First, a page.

What’s Your Company’s North Star? - November 12, 2018
Throughout the centuries, the North Star has served as an icon of influence. As a pole star, it is one of the brightest stars in the sky, and in historic times, served as a constant guidepost. Even mariners relied on the North Star due to its angle between the sky and horizon. When they could find their North Star, they knew where they were headed.
The North Star now has a significant meaning in business as well. According to business author Abe Larsen, for your company to experience its full growth potential, you need to identify your North Star—in the form of your key metric.
In this issue of Promotional Consultant Today, we'll explain Larsen's concept of the North Star metric and how your company can track this metric and what it can mean to further business growth.
What Is A North Star Metric?
The North Star Metric (NSM) is the one metric that matters in your business. It's a specific measure that best captures the core value your product delivers to customers. Focusing on and optimizing company-wide efforts to improve your NSM is key to driving long-term sustainable growth in your company.
Here are some examples of metrics by some well-known brands:
- Airbnb: Nights booked
- Facebook: Daily active users
- WhatsApp: Number of messages a user sends
How Can The North Star Metric Influence Your Company?
Identifying your North Star Metric can be the difference between becoming a great company or one that's on its way out. This metric also helps you understand your customers and products better.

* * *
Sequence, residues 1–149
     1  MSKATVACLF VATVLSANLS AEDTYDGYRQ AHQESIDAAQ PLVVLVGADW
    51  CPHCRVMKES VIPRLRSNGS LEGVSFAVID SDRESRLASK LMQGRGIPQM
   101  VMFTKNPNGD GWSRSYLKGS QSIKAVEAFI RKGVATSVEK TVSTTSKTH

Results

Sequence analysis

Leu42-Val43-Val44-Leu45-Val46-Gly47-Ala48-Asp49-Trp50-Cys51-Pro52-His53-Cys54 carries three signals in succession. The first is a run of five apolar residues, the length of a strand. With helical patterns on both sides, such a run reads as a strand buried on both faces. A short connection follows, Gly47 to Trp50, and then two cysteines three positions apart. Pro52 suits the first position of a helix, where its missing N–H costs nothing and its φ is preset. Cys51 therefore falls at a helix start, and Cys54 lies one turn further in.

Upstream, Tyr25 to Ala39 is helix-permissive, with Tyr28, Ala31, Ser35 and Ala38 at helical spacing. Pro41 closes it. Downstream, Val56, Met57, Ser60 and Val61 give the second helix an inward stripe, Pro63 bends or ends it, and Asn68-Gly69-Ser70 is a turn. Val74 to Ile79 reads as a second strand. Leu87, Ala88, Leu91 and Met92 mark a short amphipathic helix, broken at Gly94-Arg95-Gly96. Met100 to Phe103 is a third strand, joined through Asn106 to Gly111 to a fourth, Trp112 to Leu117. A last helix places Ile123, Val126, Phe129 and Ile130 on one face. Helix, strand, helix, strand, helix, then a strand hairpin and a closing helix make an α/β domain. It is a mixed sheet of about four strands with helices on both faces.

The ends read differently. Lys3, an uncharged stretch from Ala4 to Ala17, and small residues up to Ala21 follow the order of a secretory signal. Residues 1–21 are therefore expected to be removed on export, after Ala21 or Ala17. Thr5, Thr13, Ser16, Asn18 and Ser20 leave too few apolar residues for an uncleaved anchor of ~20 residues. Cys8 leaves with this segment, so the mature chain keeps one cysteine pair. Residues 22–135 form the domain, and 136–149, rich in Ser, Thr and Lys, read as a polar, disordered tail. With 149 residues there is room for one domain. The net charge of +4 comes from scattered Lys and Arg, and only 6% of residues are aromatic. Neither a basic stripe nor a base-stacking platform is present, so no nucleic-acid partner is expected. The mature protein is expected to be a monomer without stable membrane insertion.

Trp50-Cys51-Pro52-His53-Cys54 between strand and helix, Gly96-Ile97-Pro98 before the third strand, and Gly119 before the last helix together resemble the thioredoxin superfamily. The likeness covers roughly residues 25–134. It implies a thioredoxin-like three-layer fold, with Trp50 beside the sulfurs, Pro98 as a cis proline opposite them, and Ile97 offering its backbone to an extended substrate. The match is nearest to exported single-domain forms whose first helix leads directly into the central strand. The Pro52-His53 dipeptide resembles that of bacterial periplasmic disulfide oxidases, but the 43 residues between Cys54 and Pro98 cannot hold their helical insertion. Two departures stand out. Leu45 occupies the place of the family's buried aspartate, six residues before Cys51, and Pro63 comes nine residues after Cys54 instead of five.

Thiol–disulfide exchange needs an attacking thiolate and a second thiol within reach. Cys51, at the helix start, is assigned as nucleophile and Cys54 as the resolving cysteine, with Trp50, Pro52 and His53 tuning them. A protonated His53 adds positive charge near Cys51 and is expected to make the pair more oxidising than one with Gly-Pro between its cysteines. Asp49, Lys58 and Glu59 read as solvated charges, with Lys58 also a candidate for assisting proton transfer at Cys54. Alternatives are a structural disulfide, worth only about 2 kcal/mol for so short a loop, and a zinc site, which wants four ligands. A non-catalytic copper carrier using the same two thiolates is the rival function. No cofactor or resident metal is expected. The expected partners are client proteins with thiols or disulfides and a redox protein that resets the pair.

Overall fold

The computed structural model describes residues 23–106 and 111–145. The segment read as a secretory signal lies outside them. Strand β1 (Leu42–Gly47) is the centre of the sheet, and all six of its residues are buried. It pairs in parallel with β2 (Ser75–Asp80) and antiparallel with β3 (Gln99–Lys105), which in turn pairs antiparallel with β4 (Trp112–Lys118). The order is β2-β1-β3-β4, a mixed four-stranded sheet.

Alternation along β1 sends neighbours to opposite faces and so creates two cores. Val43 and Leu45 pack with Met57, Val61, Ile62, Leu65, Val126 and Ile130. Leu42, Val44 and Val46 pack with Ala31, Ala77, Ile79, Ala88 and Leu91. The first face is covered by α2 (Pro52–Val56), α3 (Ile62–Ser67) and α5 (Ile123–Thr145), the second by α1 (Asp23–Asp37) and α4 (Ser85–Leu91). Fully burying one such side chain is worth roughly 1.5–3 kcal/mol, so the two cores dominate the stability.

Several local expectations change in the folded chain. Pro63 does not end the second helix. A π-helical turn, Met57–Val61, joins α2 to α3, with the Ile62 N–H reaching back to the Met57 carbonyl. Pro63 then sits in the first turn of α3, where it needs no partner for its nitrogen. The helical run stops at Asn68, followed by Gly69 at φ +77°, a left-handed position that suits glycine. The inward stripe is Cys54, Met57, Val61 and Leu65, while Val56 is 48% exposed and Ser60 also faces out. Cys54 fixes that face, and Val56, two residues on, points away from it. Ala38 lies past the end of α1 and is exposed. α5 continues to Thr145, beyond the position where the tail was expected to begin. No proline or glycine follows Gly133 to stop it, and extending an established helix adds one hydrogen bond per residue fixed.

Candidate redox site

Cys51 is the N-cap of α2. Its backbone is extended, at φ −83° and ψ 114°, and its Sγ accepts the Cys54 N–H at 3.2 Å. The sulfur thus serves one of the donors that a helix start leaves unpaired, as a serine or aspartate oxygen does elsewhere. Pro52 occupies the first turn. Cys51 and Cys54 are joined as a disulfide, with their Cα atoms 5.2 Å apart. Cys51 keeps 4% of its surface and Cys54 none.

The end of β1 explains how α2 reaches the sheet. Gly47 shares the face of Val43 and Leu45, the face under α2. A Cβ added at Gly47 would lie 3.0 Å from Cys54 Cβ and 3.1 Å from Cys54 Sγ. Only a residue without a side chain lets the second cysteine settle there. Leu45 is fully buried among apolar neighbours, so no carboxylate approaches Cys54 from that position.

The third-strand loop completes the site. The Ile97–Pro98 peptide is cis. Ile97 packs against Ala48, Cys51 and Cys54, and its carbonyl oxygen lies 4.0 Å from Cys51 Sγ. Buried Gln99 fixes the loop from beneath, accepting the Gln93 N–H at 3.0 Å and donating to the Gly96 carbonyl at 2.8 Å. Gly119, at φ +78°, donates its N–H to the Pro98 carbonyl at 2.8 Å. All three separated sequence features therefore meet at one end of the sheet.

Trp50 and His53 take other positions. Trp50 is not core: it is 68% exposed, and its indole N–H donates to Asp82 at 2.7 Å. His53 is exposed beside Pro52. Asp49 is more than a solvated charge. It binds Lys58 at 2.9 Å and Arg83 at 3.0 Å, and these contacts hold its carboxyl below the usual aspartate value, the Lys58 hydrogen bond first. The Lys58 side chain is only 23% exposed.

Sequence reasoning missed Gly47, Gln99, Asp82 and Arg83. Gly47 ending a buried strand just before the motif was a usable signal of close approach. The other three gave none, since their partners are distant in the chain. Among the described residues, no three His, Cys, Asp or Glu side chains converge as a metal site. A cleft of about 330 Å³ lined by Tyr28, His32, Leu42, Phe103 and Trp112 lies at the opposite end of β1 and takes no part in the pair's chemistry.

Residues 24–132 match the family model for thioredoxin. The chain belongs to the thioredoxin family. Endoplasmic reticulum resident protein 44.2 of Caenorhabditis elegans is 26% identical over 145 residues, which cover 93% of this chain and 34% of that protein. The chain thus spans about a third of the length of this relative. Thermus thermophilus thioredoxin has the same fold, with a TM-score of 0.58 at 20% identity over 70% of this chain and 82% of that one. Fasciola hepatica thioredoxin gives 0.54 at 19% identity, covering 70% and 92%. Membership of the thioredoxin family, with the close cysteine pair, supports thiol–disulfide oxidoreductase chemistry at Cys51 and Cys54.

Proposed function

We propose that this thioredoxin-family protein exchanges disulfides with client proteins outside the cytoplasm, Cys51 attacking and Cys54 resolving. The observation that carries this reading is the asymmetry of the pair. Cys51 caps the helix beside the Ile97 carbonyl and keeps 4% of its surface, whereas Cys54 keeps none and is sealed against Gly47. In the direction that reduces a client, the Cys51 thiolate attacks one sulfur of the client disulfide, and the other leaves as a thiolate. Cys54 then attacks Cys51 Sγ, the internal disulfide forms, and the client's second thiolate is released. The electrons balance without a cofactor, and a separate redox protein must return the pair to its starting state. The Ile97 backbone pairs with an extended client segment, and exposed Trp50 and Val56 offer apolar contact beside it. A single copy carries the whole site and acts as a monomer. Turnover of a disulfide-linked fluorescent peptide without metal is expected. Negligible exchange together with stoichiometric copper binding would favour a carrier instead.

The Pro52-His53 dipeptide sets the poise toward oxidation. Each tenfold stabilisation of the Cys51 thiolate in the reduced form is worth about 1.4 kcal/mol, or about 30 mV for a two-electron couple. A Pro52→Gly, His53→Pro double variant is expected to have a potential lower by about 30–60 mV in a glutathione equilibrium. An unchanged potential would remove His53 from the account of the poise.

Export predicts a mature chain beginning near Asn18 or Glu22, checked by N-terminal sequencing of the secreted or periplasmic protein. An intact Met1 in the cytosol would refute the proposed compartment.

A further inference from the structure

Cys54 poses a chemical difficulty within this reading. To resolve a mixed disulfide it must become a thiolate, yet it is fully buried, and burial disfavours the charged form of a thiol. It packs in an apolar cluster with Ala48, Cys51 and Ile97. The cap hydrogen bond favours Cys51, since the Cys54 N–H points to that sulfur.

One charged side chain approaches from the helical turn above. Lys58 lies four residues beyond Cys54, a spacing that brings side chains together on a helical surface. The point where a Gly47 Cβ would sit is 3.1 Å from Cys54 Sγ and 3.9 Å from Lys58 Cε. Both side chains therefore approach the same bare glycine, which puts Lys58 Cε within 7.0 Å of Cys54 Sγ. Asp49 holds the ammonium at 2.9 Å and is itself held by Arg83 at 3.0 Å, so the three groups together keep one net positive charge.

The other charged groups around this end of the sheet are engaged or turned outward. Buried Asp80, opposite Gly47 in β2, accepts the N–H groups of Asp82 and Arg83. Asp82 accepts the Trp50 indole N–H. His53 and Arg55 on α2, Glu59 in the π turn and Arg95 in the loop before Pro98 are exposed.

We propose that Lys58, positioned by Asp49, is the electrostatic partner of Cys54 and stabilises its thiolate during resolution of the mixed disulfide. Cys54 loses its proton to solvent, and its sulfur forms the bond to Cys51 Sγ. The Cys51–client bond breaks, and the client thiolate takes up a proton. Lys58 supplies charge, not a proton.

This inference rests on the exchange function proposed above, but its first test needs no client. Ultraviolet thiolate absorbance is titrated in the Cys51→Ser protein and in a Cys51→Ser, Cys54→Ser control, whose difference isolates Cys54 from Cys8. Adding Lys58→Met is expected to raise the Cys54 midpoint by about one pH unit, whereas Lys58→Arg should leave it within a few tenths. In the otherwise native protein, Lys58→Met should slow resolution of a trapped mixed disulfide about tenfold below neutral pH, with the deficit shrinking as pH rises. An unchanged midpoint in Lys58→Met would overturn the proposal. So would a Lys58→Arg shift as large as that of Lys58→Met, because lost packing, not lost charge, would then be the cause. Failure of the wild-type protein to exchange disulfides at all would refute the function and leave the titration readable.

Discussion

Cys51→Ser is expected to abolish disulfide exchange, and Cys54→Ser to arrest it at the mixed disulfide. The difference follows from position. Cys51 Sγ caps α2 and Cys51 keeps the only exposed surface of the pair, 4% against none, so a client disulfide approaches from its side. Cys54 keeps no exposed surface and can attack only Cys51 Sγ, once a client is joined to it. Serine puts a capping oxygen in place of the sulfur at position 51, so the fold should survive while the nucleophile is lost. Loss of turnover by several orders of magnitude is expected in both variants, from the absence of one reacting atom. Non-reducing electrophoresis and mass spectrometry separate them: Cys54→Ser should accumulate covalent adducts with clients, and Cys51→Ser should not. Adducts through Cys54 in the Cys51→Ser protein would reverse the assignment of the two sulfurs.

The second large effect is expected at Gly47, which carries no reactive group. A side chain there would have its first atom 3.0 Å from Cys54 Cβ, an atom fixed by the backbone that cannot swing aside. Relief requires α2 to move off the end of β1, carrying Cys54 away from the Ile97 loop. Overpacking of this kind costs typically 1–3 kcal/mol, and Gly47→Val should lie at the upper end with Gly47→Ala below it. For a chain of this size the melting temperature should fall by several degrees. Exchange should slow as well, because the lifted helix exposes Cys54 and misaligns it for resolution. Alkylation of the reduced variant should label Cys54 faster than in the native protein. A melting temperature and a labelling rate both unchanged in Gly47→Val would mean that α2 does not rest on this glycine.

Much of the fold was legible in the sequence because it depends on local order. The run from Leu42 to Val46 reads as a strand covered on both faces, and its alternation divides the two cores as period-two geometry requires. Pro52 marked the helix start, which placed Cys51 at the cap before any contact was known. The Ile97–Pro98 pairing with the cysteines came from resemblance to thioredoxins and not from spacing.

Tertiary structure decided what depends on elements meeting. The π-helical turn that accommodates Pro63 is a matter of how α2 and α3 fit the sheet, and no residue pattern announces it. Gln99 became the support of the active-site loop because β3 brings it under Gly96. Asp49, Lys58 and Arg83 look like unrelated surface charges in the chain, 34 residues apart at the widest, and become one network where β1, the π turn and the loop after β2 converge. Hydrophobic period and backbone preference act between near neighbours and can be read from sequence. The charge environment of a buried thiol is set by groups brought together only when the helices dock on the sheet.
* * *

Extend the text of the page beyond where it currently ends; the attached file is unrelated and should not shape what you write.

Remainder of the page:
Growth advisor and investor Buckley Barlow believes a major reason the social media site Myspace failed and Facebook succeeded has to do with the NSM they focused on. Myspace focused on Registered Users—a vanity metric. At the time, Facebook focused on Monthly Active Users as their NSM. The different focus led Facebook to succeed where Myspace failed.
Your NSM needs to focus on what will cause growth, and this leads to understanding current and future customers. It's also important to understand what value your customers get from your product and how they use your product to get that value. With that information, you can engineer a better product to help customers get the value they're looking for which will increase customer lifetime value, decrease churn rates and increase revenue and growth.
How To identify Your North Star Metric
First, examine how loyal customers engage with and use your products. Understanding this will help you identify which metric best embodies positive growth in this area. That metric will be your NSM.
Keep in mind that you might not select the correct NSM for your company on your first attempt to identify it. You may have to select a few different metrics and work backward, identifying other metrics that would support it in an attempt to figure out what is the best NSM for your company at this time.
Hila Qu, the former product manager for growth at Growthhackers, shares the following five points to keep in mind when selecting your NSM:
- The metric should indicate that your user experienced the core value of the product.
- It should reflect users' engagement and activity level.
- It should be the "one thing" that indicates the business is heading in the right direction.
- Ideally, the metric should be easy to understand and communicate across teams.
- Don't fall into the trap that you have to have a perfect NSM. What you are trying to do is find a metric that makes the most sense for the entire business to focus on. It might take a few iterations to finally find the right one.
Once you've identified your NSM, seek to understand which actions each member of the company should take to get that metric trending in the right direction. Next, each department should identify its own NSM that will provide additional supporting metrics. Doing this will help each person in the company identify which metrics they should track on an individual level.
Try these tips on identifying your NSM and watch your business soar.
Source: Business author Abe Larsen creates content for the Grow blog to educate people about the benefits of business intelligence.